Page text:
Agile Transformation | Leaving Old Command and Control Behind
February 21, 2018 | Best practices
Jeremy Bower VP, Engineering
In my last blog I made this statement: “Old command and control structures and thought processes are in fact anti-patterns to these new organizational models. It is critical that the serious minded agile leader equip themselves for the transformation.”
Let’s pretend it’s a new year, full of new beginnings and untold promise, and you find yourself facing a business agility transformation in which your organization will be participating. You’re conversationally aware of some concepts of agile from interacting with teams who proclaim to be agile, but you’re a Director/VP/C-level and are quite unsure of your role since you won’t be a Product Owner, Scrum Master, or Team Member. So, what do you do?
Here, I offer questions to ask yourself to help you succeed while your business undergoes agile transformation.
Adapting to agile outside the scrum team
You will likely be given boilerplate text and speeches about self-forming, self-healing, self-assigning, opt-in, open space model teams. To start, let’s peel back any apprehension about the word agile itself and look at the likely organizational impacts your initiative will have.
Pay attention to those descriptions of new team organization and functions, and evaluate just how crazy it sounds based on how your teams operate today.
Take a personal inventory:
What sounds scary to me personally about this?
What am I willing to risk to be successful?
What mental blocks do I have to giving up control yet retaining accountability?
Is my department really a “cult of personality” built around me?
Don’t brush past these questions as they are the starting point for some introspection that will reveal your own preparedness for the journey ahead – likely a transition from giving orders and answers to setting direction and creating an environment where teams flourish in the pursuit of outcomes.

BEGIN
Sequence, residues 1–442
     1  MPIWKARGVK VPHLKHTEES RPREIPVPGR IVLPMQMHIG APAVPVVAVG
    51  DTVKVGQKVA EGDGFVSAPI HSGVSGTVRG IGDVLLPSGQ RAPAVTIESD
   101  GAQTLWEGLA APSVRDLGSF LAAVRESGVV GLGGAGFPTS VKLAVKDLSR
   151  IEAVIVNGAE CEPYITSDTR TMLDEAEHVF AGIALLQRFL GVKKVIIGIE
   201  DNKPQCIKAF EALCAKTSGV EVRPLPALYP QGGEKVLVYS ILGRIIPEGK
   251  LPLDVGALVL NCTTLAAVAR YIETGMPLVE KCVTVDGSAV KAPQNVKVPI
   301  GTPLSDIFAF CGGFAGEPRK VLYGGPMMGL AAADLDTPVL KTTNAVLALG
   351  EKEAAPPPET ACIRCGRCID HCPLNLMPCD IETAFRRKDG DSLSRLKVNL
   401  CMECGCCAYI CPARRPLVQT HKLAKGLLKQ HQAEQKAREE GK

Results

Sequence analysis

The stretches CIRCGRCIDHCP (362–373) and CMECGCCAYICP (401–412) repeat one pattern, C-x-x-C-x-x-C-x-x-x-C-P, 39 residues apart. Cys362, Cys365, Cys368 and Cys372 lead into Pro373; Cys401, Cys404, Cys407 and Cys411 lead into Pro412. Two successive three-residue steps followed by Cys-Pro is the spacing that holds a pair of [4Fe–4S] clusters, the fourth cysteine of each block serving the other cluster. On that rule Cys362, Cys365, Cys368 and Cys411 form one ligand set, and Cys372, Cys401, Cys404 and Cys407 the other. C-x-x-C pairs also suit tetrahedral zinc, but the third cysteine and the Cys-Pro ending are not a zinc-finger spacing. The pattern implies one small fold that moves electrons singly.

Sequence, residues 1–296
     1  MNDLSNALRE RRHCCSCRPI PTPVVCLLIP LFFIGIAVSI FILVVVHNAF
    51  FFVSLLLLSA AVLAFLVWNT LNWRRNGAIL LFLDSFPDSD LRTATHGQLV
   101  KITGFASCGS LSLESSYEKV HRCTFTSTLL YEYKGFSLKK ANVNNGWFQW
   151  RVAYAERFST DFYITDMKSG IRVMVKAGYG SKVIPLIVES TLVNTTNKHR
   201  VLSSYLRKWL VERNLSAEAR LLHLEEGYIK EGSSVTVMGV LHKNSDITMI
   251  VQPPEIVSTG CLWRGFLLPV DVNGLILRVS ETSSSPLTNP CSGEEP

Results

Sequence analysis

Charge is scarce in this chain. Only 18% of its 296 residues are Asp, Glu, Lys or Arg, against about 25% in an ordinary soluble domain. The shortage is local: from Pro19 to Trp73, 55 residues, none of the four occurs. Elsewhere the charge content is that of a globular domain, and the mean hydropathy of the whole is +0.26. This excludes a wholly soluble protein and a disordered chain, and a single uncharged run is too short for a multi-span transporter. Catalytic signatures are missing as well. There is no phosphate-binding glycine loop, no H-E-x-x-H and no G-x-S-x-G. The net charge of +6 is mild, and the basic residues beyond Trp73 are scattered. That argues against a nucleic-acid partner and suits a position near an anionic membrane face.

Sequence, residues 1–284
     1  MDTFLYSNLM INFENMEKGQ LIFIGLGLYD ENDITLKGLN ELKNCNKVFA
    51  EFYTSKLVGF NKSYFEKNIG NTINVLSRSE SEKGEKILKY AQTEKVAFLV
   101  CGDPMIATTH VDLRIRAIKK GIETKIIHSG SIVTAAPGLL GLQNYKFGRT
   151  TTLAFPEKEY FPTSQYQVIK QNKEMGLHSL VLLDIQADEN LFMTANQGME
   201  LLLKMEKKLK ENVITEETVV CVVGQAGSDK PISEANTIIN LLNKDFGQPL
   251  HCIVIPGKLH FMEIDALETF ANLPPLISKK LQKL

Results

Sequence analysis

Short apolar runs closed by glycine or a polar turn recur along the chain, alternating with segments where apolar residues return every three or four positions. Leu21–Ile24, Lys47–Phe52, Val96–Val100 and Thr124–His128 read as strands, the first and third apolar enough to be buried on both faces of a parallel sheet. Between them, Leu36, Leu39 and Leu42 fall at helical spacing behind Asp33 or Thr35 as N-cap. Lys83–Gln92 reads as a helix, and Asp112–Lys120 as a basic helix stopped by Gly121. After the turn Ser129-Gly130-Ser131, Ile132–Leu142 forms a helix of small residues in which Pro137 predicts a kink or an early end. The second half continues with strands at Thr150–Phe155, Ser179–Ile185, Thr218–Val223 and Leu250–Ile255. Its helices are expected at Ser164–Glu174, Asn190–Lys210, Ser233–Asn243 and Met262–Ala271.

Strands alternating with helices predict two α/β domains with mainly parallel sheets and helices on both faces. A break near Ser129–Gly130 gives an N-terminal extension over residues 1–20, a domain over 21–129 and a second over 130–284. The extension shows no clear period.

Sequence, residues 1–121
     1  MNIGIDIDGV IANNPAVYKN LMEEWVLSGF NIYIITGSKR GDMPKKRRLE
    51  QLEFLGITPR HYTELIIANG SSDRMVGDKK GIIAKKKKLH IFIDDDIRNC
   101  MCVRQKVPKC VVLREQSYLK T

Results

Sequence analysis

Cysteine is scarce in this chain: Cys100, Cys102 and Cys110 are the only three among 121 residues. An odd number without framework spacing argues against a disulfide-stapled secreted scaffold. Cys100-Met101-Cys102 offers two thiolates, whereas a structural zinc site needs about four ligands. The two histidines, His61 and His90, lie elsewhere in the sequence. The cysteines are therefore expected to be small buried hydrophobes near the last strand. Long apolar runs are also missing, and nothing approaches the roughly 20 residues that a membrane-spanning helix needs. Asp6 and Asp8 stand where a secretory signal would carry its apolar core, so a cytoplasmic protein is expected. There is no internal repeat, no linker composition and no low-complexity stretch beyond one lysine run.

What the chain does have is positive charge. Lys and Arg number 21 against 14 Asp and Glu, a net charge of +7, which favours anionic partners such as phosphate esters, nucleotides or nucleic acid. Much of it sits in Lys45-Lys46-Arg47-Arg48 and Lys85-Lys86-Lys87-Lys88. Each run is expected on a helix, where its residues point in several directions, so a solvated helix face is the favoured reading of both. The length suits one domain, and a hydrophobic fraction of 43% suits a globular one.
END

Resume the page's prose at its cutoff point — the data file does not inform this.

Read a book – Turn the Ship Around! by David Marquet (while I had been previously exposed to the book and a few of its ideas, I did myself a large disservice by not committing to reading it until 2017. The personal inventory questions I suggest come from this book.) While not a book about agile, it is a treatise on driving decisions, control, and accountability down into the organization where it is ultimately most effective.
Consider the CAL1/2 curriculum for yourself and peers (and maybe your boss). Some great insight from a friend who has been through the coursework and how it changed him:
“I would have to say that after taking the class I have come to realize that practices are important, but without the mindset, they will not get you the benefit you want. Mindset is the key to getting to true agility. The importance of culture is larger than what I gave it credit for. In order to change culture, it starts with me. I have to impact the culture wherever I can. This is where I have changed my behavior since the class.”-Randall England, CAL 1, CSP, CSM, Sr. Scrum Master
Assessing the improvements
Along the way, these are some useful questions to continually ask yourself to assess how you’re adapting to the agile transformation:
Is my own fortitude/commitment limiting the startup or turnaround?
Am I asking questions to make sure I understand, versus asking questions to make sure my team understands?
Do I recognize when I jump in to answer/command rather than let the team chew on it? How can I do less of that?
Is my team routinely vocalizing their concerns and uncertainties and then relentlessly pursing clarity?
Finally, an effective business agility transformation starts at the C-suite, but it can also be undermined from the onset from on high. Become a true supporter and learner in the adventure and advocate for the process among your peers and superiors.